Some Green Cards and EADs may still have the past design format, as USCIS will continue using past card stock until its supplies are depleted. If you are issued a new card with the old formatting, the card will remain valid until the expiration date shown on the card.
For more information, please contact the experienced immigration attorneys at Monty & Ramirez LLP at 281-493-5529 or via email at info@montyramirezlaw.com.
Department of Homeland Security Proposes a New Way of Obtaining Individual’s Personal Information
A Department of State notice dated May 4, 2017 proposes to establish a new records system. This system will allow ICE Homeland Security Investigations (HSI) agents, criminal research specialists, and intelligence analysts to search, analyze, and visualize volumes of existing information and to conduct research in order to identify, apprehend, and prosecute individuals who violate criminal, civil and administrative laws enforced by ICE. 
Personally identifiable information to be used:
  • identifying and biographic data, such as name and date of birth;
  • financial data;
  • citizenship and immigration data;
  • border crossing data;
  • criminal history;
  • contact information;
  • family relationships.
ICE may share the above relevant information with the appropriate state, federal, local, foreign, or international government agencies. However, DHS and ICE will consider individual’s requests to determine whether or not information may be released. Thus, individuals seeking access to any record contained in this new system may submit a request in writing to a U.S. ICE FOIA Officer. Individuals who wish to contest the accuracy of records may submit requests to the ICE Privacy & Records Office.
SB-4 Texas Immigration Bill to Enter into Effect on September 1, 2017
Once SB-4 takes effect, it will force local enforcement officers in Texas to honor federal ICE detainers. It will forbid local entities/campus police from limiting officials’ ability to ask the immigration status of someone who is under a lawful detention or under arrest.
The following are some important sections of this law:
SB-4 Provides an Exception for Victims of Crimes
  • The U Visa provides lawful immigration status and work authorization to qualified crime victims who have been helpful in the investigation or prosecution of a crime;
  • When the law was created, Congress recognized that victims who do not have legal status may be reluctant to help in the investigation or prosecution of criminal activity for fear of removal from the United States. The U Visa was enacted to strengthen the ability of law enforcement agencies to investigate and prosecute cases of domestic violence, sexual assault, trafficking of persons and other crimes while allowing victims to report crimes without the immediate risk of being removed from the U.S. Congress also sought to encourage law enforcement officials to serve immigrant crime victims.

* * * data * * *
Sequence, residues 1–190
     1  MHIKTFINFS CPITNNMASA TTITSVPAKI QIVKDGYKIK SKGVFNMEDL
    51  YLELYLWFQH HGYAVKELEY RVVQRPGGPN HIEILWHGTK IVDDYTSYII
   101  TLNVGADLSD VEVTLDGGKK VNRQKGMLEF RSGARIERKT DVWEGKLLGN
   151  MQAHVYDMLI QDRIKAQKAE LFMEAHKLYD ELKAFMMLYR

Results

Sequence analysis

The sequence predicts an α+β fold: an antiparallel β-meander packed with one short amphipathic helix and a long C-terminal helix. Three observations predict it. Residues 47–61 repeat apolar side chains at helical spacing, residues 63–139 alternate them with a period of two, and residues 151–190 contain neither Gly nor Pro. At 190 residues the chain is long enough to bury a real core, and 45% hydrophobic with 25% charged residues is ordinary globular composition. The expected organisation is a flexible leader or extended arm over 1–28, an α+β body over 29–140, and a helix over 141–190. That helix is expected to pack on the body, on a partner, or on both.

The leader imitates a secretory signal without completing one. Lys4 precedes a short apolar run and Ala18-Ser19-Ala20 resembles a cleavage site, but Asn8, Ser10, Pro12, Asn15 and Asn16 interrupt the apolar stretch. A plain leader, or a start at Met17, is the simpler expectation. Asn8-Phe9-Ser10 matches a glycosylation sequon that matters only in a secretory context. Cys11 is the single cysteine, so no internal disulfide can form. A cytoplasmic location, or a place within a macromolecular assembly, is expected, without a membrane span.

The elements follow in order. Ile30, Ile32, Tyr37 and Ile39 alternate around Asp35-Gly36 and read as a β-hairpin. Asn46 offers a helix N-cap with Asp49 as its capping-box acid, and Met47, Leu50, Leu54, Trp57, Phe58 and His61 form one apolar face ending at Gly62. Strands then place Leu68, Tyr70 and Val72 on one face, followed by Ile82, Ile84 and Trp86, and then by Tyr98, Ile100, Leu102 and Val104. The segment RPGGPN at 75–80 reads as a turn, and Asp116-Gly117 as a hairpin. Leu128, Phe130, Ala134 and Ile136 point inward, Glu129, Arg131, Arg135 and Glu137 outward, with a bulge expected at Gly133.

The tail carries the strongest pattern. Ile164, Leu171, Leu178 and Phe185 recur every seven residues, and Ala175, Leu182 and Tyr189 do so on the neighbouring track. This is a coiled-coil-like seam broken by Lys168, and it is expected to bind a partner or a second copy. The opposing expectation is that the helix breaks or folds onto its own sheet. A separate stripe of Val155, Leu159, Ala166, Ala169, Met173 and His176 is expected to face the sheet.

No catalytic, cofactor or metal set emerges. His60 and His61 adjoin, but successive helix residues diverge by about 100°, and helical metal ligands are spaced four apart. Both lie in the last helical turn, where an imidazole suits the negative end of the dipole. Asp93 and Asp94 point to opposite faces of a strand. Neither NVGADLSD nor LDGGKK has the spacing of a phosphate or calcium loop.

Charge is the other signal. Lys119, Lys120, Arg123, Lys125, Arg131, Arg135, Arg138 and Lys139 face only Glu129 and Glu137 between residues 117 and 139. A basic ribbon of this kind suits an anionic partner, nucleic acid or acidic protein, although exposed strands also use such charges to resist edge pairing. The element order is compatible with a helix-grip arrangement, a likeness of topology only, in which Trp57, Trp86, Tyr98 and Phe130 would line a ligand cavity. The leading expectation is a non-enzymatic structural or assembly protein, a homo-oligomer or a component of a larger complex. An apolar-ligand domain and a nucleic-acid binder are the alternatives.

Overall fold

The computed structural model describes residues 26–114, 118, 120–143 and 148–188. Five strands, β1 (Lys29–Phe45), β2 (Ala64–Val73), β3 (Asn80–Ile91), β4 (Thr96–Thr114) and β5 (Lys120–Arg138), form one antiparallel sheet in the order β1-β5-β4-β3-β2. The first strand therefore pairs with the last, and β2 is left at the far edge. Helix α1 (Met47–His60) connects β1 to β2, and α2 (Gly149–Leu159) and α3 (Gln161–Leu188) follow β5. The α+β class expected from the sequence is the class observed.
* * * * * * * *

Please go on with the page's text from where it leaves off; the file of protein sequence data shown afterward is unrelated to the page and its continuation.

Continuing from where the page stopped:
• SB- 4 - Allows for exception for victim or witness to a criminal offense or if the individual is reporting – officer may not inquire about immigration status.
  • Counter exception – unless it is necessary to investigate the offense.          
SB-4 also provides that law enforcement may not inquire about immigration status if the person has a driver license or a government-issued ID.
  • The recommendation is to carry your driver license, work permit, or documents showing that you have a case pending with immigration with you all at all times. 
SB-4 Makes it Harder to Obtain an Immigration Bond
  • Section 401 – Article 17.16 Code of Criminal Procedure is amended by amending subsection (a) and adding subsection (a-1)- this section appears to deter bail bond companies from providing bond to individuals who may be identified as not lawfully present in the United States. 
The June 2017 Visa Bulletin has arrived!
The Visa Bulletin for June 2017 has been released by the Government. For more details, visit: https://travel.state.gov/content/visas/en/law-and-policy/bulletin/2017/visa-bulletin-for-june-2017.html
If you have questions about the June 2017 Visa Bulletin, contact the experienced immigration attorneys at Monty & Ramirez LLP at 281-493-5529 or via email at info@montyramirezlaw.com.

CONTACT US
Monty & Ramirez LLP
150 W. Parker Road, 3rd Floor
Houston, Texas 77076
Phone: 281.493.5529
Toll-Free: 1.866.427.0152
Like us on Facebook at facebook.com/MontyRamirezLaw
Follow us on Twitter at twitter.com/MontyRamirezLaw
150 W. Parker Road, Third Floor | Houston, TX 77076 | 281.493.5529



powered by emma

Subscribe to our email list.